Fast scalable deterministic consensus for crash failures

Research output: Chapter in Book/Report/Conference proceedingConference contribution

9 Scopus citations

Abstract

We study communication complexity of consensus in synchronous message-passing systems with processes prone to crashes. The goal in the consensus problem is to have all the nonfaulty processes agree on a common value from among the input ones, after each process has been initialized with a binary input value. The system consists of n processes and it is assumed that at most t < n processes crash in an execution. A consensus algorithm that tolerates up to t failures is called fast when its time complexity is script O sign(t). All the previously known fast deterministic consensus solutions sent Ω(n2) bits in messages. We give a fast deterministic consensus algorithm that has processes send only script O sign(n log4 n) bits. In our solution, processes exchange messages according to topologies of overlay graphs that have suitable robustness and connectivity properties related to graph expansion.

Original languageEnglish (US)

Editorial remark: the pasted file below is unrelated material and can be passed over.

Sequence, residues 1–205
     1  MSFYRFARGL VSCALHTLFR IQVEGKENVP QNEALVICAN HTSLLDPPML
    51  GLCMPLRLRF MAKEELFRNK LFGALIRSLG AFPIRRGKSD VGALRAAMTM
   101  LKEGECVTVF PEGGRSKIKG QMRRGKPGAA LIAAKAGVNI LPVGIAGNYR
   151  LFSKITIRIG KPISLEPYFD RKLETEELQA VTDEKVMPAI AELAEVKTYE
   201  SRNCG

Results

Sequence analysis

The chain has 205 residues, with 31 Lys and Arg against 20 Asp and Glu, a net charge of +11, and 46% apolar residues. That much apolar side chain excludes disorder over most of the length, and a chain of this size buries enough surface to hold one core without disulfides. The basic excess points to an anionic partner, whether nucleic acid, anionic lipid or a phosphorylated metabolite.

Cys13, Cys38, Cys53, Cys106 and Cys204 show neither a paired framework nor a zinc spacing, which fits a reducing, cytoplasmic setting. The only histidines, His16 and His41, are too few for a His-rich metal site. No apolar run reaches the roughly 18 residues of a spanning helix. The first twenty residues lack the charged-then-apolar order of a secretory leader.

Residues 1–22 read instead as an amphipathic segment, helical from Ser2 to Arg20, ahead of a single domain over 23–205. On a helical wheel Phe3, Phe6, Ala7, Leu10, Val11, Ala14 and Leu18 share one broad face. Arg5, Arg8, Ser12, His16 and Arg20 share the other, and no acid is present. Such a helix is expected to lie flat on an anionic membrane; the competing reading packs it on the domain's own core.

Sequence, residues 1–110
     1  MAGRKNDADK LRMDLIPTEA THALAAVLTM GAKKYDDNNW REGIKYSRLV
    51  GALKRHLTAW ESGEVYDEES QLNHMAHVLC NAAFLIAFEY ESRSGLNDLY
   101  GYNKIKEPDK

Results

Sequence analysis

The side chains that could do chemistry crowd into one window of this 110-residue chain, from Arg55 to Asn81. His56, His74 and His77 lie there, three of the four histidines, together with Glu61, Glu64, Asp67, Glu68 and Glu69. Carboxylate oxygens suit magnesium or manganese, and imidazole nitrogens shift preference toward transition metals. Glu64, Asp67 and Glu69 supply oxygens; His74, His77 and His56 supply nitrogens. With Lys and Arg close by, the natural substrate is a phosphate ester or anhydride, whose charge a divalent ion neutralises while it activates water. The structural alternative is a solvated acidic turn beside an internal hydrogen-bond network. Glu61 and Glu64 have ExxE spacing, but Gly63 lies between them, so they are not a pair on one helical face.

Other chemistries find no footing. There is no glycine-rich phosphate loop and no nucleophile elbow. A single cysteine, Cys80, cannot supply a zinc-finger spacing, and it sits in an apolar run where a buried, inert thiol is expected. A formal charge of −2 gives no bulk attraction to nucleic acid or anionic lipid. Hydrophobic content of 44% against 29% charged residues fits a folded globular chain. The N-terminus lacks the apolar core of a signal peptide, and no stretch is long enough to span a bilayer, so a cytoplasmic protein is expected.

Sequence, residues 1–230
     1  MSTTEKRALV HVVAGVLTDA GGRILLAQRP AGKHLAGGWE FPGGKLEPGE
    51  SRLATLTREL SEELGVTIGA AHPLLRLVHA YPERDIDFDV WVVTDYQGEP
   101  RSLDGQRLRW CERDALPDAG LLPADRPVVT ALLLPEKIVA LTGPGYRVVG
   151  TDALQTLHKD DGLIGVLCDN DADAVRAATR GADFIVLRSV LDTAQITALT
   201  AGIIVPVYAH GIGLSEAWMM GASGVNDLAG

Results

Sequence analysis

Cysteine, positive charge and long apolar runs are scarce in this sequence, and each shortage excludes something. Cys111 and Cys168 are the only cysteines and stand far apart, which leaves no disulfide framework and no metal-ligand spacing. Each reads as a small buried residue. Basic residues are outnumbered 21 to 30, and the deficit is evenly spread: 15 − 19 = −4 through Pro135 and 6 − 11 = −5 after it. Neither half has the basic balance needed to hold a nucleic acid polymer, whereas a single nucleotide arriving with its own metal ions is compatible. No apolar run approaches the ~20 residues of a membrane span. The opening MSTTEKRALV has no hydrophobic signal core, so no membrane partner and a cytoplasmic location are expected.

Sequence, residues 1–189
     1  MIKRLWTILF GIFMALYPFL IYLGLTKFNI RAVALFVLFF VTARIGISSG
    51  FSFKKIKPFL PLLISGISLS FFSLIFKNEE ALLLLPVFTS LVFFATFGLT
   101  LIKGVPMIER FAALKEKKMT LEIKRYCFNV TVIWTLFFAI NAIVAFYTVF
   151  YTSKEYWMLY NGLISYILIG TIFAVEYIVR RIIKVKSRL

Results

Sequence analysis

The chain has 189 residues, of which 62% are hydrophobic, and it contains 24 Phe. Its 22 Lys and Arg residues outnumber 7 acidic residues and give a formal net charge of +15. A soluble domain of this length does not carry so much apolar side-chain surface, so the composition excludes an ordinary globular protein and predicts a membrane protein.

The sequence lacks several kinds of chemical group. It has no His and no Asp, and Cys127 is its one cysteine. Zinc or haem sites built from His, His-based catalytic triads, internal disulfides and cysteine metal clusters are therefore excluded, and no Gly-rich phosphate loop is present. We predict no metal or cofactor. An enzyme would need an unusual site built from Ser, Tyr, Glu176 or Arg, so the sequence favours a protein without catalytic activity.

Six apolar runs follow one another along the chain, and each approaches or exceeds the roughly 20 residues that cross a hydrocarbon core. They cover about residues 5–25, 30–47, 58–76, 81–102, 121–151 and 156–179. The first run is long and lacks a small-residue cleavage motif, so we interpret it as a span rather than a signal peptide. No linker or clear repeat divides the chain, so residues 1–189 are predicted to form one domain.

Title of host publicationPODC'09 - Proceedings of the 2009 ACM Symposium on Principles of Distributed Computing
Pages111-120
Number of pages10
DOIs
StatePublished - Nov 9 2009
Externally publishedYes
Event2009 ACM Symposium on Principles of Distributed Computing, PODC'09 - Calgary, AB, Canada
Duration: Aug 10 2009Aug 12 2009

Publication series

NameProceedings of the Annual ACM Symposium on Principles of Distributed Computing

Conference

Conference2009 ACM Symposium on Principles of Distributed Computing, PODC'09
CountryCanada
CityCalgary, AB
Period8/10/098/12/09

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Keywords

  • Bit communication complexity
  • Consensus
  • Fault tolerance
  • Graph expansion
  • Message passing
  • Scalability
  • Synchrony

ASJC Scopus subject areas

  • Software
  • Hardware and Architecture
  • Computer Networks and Communications

Cite this

Chlebus, B. S., Kowalski, D. R., & Strojnowski, M. (2009). Fast scalable deterministic consensus for crash failures. In PODC'09 - Proceedings of the 2009 ACM Symposium on Principles of Distributed Computing (pp. 111-120). [1582738] (Proceedings of the Annual ACM Symposium on Principles of Distributed Computing). https://doi.org/10.1145/1582716.1582738